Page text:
Bragg's law


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Bragg's law

 (brăgz)
n.
The fundamental law of x-ray crystallography, nλ = 2dsinθ, where n is an integer, λ is the wavelength of a beam of x-rays incident on a crystal with lattice planes separated by distance d, and θ is the Bragg angle.

[After Sir William Henry Bragg and Sir William Lawrence Bragg.]
American Heritage® Dictionary of the English Language, Fifth Edition. Copyright © 2016 by Houghton Mifflin Harcourt Publishing Company. Published by Houghton Mifflin Harcourt Publishing Company. All rights reserved.

Bragg's law

n
(General Physics) the principle that when a beam of X-rays of wavelength λ enters a crystal, the maximum intensity of the reflected ray occurs when sin θ = nλ/2d, where θ is the complement of the angle of incidence, n is a whole number, and d is the distance between layers of atoms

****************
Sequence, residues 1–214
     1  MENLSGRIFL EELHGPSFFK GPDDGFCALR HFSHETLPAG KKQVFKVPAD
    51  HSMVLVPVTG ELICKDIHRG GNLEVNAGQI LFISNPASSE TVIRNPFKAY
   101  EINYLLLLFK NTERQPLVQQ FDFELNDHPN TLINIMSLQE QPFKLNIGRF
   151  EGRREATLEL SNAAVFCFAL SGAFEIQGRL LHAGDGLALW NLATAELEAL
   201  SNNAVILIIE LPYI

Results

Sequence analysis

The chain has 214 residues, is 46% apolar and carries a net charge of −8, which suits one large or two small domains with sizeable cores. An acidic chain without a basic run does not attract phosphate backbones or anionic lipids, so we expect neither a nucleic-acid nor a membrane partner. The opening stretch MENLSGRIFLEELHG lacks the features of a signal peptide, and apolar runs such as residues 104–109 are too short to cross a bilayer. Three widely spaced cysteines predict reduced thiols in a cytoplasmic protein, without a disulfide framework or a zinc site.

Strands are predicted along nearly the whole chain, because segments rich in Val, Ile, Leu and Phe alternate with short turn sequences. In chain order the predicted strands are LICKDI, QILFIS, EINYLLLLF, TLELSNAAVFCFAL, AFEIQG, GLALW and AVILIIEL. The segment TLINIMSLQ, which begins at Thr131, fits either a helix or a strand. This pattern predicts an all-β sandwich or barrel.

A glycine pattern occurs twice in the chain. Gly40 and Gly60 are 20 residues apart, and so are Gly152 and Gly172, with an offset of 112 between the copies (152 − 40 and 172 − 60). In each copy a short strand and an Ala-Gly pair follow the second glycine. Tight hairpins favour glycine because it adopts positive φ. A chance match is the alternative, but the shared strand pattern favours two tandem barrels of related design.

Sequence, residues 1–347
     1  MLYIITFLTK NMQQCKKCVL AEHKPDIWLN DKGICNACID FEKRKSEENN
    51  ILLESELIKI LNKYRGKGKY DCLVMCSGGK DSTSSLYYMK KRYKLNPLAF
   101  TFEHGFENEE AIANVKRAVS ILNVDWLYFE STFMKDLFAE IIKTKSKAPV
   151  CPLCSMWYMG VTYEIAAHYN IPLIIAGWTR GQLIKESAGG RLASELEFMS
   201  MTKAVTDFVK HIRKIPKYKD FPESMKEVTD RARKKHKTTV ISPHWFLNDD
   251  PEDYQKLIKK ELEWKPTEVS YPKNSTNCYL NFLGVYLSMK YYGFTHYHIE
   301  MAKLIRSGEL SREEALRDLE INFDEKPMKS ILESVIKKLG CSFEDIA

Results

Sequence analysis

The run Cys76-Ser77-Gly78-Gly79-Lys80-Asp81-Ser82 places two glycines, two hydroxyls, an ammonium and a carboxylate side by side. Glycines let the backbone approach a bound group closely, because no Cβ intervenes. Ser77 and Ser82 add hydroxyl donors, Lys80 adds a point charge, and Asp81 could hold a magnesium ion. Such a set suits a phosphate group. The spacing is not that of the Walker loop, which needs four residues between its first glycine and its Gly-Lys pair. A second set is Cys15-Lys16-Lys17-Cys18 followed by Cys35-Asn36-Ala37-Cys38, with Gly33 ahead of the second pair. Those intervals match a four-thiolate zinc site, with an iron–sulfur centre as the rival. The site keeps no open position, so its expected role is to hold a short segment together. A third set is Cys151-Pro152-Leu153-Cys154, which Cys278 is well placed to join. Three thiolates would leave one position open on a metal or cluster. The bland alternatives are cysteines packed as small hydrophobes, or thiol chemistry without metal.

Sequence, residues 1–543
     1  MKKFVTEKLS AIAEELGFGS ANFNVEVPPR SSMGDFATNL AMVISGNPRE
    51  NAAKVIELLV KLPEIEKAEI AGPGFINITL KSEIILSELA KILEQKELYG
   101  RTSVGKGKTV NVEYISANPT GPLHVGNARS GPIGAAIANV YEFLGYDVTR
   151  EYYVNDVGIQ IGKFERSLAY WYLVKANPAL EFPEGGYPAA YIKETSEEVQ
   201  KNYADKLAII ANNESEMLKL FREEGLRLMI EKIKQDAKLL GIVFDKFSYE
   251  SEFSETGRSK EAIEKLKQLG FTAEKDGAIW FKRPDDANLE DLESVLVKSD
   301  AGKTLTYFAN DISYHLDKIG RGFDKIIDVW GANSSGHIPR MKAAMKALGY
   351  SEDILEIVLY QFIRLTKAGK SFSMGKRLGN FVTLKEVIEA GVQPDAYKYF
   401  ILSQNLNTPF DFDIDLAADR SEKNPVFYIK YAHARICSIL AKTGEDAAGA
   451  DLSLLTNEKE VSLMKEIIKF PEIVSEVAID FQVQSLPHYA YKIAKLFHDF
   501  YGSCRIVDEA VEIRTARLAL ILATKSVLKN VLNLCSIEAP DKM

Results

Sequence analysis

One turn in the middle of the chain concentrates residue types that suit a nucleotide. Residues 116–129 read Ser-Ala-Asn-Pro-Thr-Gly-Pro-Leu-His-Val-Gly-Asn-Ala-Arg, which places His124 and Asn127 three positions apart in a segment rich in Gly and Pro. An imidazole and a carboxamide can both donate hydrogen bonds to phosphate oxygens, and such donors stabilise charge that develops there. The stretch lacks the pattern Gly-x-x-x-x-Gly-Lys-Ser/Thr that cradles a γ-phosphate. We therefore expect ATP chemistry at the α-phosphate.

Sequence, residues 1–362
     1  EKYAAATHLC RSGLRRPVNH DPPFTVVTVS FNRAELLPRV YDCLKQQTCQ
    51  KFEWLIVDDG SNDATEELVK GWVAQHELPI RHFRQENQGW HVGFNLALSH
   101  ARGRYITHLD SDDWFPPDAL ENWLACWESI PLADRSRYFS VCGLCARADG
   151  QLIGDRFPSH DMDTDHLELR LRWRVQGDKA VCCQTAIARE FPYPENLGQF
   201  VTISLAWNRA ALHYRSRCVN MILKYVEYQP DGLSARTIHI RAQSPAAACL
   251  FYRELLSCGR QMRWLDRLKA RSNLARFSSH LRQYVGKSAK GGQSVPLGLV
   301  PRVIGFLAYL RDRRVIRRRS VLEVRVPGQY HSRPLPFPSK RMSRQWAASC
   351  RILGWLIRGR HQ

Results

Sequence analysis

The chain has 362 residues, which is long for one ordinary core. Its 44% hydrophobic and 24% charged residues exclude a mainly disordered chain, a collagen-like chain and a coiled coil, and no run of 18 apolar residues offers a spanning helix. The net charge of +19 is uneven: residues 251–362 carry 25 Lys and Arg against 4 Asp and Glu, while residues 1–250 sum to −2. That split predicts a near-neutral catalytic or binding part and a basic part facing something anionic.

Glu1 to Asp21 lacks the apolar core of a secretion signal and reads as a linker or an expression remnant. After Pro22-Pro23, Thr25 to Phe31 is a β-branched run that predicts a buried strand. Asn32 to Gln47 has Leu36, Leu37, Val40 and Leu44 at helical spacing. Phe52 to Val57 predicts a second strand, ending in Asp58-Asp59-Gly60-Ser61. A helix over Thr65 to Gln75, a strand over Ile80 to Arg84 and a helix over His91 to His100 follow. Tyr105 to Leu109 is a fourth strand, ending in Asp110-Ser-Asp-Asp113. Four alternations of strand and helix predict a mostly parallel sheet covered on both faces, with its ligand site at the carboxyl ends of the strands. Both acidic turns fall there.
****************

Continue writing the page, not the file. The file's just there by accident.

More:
[C20: named after William and Lawrence Bragg]
Collins English Dictionary – Complete and Unabridged, 12th Edition 2014 © HarperCollins Publishers 1991, 1994, 1998, 2000, 2003, 2006, 2007, 2009, 2011, 2014
References in periodicals archive ?
According to Bragg's law, when a broadband source of light has been injected into the fiber, FBG reflects a narrow spectral part of light at a certain wavelength [14]:
Taking this into account, it is easy to realize that one of the most important optical properties of the colloidal crystals consists in light diffraction according to Bragg's law.
In this case, the radiation is scattered in a specular fashion by the atoms of the material and experiences a constructive interference in accordance to Bragg's law. For a crystalline solid with lattice planes separated by a distance d, the waves are scattered and interfere constructively if the path length of each wave is equal to an integer multiple of the wavelength.
Bragg's Law refers to the simple equation: n[lambda] = 2d sin[THETA] and describes the relationship between wavelength and the distance between the layers in a structured material.
The mathematical relation that governs this process, Bragg's Law, relates the diffraction angle to the X-ray wavelength and the lattice spacing in the sample.
Hence there is a reflection when the glancing angle satisfies Bragg's Law.
Bragg's law, [lambda] = 2d sin[[THETA].sub.B], was then used to determine the actual wavelength.